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Electrical circuit-interrupters

Electrical circuit-interrupters, such as AFCI’s (arc-fault circuit-interrupters) and GFCI’s (ground-fault circuit-interrupters), are devices required by the National Electrical Code® (NEC®) that are designed specifically to help prevent fires and electric shock. When installed as required, AFCIs and GFCIs significantly reduce accidents that naturally result in physical loss, electrical shock, and even death. 

AFCIs (arc-fault circuit-interrupters)

AFCIs are required by the NEC to be installed within all dwelling units. Typically, they are special AFCI circuit breakers that can be found within your electrical panel or receptacles in the wall. 

So, what do AFCIs do? AFCIs are designed to detect arcing electrical faults within your electrical system that may otherwise go unnoticed, until they potentially result in a fire. Arc-faults can be caused by things as innocent as putting a nail in the wall to hang a picture or plugging in an appliance with a defective electrical cord. If a nail makes contact with an electrical wire or a cord has a defect, arcing can happen, and is rarely ever seen. An AFCI device, however, will sense abnormal arcing on the electrical system and open the circuit when detected. 

Key points about AFCIs:

  • All AFCIs should be installed by a qualified electrician.
  • Homes that were built prior to AFCI’s being required by the NEC, or homes built in states whose electrical codes do not follow the NEC arc-fault requirements, may not have arc-fault interrupters installed.  While AFCI’s may not currently be installed in your home, ask a licensed electrician to install AFCI protection for your safety.
  • All AFCIs should be tested at initial installation and monthly, at minimum, thereafter to make sure they are working properly.


GFCIs (ground-fault circuit-interrupters)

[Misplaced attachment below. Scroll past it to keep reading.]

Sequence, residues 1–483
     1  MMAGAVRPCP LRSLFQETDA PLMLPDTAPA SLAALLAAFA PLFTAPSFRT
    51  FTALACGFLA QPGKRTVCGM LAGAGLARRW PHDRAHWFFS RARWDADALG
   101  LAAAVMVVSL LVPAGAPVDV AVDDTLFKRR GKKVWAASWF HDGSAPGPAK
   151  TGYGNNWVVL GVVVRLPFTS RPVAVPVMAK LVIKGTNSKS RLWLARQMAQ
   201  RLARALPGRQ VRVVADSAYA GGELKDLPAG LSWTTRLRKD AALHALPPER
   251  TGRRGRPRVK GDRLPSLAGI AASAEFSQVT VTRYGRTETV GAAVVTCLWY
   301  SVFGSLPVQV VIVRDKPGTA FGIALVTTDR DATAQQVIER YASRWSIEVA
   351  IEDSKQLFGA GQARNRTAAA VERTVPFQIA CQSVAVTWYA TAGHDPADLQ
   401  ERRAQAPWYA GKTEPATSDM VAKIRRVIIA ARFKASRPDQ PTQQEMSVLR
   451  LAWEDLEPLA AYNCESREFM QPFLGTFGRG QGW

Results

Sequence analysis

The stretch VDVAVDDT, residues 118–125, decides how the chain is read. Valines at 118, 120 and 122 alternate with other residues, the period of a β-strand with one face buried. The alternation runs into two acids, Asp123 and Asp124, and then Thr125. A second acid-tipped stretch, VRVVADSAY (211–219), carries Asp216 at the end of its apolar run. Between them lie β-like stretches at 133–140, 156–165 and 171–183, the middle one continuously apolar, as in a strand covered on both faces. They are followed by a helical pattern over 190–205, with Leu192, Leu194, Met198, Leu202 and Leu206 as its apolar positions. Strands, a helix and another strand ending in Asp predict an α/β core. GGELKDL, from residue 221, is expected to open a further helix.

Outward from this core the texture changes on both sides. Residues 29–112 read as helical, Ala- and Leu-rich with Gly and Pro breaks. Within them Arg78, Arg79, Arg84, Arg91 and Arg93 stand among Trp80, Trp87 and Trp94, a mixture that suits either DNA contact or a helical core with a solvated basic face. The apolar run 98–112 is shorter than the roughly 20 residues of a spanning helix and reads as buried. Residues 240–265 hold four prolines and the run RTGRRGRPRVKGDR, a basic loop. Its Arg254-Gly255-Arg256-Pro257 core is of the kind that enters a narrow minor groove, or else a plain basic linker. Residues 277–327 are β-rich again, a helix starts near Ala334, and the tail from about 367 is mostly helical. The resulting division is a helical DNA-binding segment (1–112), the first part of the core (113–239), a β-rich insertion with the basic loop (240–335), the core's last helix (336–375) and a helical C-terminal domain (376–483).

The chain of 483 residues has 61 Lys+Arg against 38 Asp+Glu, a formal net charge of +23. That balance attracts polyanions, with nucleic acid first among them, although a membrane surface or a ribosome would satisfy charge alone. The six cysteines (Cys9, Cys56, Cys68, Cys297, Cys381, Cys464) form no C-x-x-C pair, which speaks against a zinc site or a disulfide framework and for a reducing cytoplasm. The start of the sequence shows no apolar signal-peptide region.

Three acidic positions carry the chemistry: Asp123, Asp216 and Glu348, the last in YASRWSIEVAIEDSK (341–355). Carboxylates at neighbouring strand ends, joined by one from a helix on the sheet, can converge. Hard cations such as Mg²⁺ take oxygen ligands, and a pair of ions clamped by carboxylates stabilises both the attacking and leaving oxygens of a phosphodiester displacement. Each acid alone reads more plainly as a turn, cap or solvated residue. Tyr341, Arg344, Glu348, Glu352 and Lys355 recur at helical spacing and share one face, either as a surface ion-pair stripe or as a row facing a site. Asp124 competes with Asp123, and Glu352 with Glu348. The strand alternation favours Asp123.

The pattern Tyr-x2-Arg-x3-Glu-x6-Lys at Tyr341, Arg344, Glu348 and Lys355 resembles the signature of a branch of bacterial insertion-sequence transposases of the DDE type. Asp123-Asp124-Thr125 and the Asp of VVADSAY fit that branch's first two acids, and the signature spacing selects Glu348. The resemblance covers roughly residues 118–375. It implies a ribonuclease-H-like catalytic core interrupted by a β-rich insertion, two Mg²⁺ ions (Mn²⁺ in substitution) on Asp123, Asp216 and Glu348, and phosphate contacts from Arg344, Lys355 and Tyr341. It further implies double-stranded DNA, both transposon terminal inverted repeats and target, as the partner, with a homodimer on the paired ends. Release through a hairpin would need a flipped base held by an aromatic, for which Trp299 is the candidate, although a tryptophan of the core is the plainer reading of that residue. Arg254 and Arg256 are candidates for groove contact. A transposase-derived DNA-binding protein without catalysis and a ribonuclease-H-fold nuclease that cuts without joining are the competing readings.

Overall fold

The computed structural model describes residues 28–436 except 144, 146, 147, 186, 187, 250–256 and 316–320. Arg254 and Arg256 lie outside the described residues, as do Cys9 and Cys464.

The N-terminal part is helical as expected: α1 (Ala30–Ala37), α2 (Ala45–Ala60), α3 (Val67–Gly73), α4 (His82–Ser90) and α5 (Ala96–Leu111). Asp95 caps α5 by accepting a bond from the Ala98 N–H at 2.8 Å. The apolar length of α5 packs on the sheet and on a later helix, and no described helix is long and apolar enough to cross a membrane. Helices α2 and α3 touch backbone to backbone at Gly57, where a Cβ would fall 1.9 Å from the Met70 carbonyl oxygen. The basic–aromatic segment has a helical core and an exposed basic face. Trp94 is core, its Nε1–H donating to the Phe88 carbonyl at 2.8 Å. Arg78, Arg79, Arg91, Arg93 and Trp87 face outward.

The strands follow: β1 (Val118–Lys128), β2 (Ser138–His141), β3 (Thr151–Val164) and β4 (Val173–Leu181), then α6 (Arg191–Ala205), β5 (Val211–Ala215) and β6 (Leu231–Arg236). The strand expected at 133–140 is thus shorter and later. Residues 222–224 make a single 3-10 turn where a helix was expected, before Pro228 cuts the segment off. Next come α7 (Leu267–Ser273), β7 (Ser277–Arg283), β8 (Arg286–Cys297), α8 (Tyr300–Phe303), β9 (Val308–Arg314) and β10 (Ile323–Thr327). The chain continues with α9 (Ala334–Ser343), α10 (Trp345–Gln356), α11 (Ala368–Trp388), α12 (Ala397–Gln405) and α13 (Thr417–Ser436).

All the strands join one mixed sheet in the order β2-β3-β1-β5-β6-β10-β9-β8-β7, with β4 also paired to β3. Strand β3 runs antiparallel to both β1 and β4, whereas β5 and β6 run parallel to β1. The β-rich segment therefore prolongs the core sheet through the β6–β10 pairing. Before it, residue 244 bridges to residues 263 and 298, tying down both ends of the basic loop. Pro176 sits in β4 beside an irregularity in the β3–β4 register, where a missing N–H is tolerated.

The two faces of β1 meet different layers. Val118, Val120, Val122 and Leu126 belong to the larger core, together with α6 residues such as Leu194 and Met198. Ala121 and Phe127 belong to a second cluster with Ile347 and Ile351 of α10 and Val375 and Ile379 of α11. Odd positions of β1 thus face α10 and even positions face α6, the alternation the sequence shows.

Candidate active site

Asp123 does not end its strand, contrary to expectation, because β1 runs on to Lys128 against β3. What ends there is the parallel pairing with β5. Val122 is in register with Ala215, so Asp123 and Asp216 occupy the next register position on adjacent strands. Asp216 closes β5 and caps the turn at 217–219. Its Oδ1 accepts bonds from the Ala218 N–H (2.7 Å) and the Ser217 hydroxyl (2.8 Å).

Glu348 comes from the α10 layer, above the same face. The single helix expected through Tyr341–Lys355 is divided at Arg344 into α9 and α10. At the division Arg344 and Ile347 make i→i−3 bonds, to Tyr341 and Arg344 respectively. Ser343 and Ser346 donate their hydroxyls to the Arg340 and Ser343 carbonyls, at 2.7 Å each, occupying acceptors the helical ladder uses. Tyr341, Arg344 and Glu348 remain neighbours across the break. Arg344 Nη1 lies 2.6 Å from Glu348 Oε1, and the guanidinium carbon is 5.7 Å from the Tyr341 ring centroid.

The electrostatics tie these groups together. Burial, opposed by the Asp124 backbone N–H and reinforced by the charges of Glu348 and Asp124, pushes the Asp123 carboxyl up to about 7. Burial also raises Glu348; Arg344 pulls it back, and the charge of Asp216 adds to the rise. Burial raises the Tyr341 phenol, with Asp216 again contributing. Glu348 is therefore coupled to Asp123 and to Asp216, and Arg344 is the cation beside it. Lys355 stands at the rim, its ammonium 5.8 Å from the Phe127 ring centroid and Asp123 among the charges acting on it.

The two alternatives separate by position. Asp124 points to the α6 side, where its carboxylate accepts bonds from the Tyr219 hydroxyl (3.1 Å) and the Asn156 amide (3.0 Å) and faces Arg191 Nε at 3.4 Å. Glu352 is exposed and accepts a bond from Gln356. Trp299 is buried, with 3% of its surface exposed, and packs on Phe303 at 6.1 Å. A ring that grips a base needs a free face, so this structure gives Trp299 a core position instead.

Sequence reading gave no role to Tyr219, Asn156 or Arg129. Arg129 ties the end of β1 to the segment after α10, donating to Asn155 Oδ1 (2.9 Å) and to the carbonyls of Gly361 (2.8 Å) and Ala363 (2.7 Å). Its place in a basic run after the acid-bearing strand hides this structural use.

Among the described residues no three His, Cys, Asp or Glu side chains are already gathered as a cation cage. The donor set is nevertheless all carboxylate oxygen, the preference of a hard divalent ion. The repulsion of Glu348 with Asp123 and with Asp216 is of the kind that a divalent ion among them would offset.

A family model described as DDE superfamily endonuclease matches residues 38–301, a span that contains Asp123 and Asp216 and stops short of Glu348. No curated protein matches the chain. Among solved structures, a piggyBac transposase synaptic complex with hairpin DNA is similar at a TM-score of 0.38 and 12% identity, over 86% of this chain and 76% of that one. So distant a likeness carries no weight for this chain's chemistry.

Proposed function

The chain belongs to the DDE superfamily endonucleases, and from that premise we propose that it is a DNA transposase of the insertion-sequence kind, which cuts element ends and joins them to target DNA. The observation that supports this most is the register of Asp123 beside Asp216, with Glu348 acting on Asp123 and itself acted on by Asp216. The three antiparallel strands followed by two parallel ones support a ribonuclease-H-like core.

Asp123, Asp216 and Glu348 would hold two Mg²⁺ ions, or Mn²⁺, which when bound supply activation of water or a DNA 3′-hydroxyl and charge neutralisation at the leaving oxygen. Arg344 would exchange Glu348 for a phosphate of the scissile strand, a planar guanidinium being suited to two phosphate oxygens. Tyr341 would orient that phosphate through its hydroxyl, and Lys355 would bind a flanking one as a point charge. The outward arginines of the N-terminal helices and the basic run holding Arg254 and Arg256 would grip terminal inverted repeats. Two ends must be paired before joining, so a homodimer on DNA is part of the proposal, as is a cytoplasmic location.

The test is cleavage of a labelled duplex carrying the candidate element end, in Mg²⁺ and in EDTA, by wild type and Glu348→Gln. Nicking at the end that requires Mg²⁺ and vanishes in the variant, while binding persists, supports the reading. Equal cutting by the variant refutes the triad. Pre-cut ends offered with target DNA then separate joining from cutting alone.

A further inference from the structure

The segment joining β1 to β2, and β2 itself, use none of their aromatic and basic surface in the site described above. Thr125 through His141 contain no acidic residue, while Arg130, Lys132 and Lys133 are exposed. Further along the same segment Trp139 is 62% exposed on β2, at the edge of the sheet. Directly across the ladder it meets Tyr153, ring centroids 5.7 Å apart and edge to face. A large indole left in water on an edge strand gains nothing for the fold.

GFCIs have been required by the NEC since 1971. Initially they were required for all outdoor receptacles, and bathrooms were added as a requirement in 1975. According to ESFI, the required areas for GFCI’s have grown since then based on the immense success they have had in reduction of electrocutions. Since their implementation in 1971, there has been an 83 percent drop in electrocutions, and a 95% drop in electrocutions caused specifically by consumer products.

GFCIs are designed to protect people from hazardous ground faults that can arise from plugging in defective appliances or corded equipment.  When manufactured, installed, and maintained properly, a GFCI essentially negates the ability for shock to take place or a fire to start based on a ground-fault in the system. If a ground-fault takes place at the standard receptacle, it will trip the circuit breaker or GFCI receptacle that feeds it.  

Key points about GFCIs: 

  • All GFCI’s should be installed by a qualified electrician. 
  • All GFCI’s should be tested at initial installation and monthly, at minimum, thereafter, to ensure they are working properly. 

Safety tips
  • All AFCIs and GFCIs, whether circuit-type or breaker-type, should be installed by a qualified electrician.
  • Test AFCIs and GFCIs after installation and once a month thereafter to make sure they are working properly.
  • Replace defective AFCIs and GFCIs immediately. A defective device may create a false sense of security to those who do not know that it is non-functional.
  • Choose AFCIs and GFCIs that carry the label of an independent testing laboratory and always follow the manufacturer's instructions.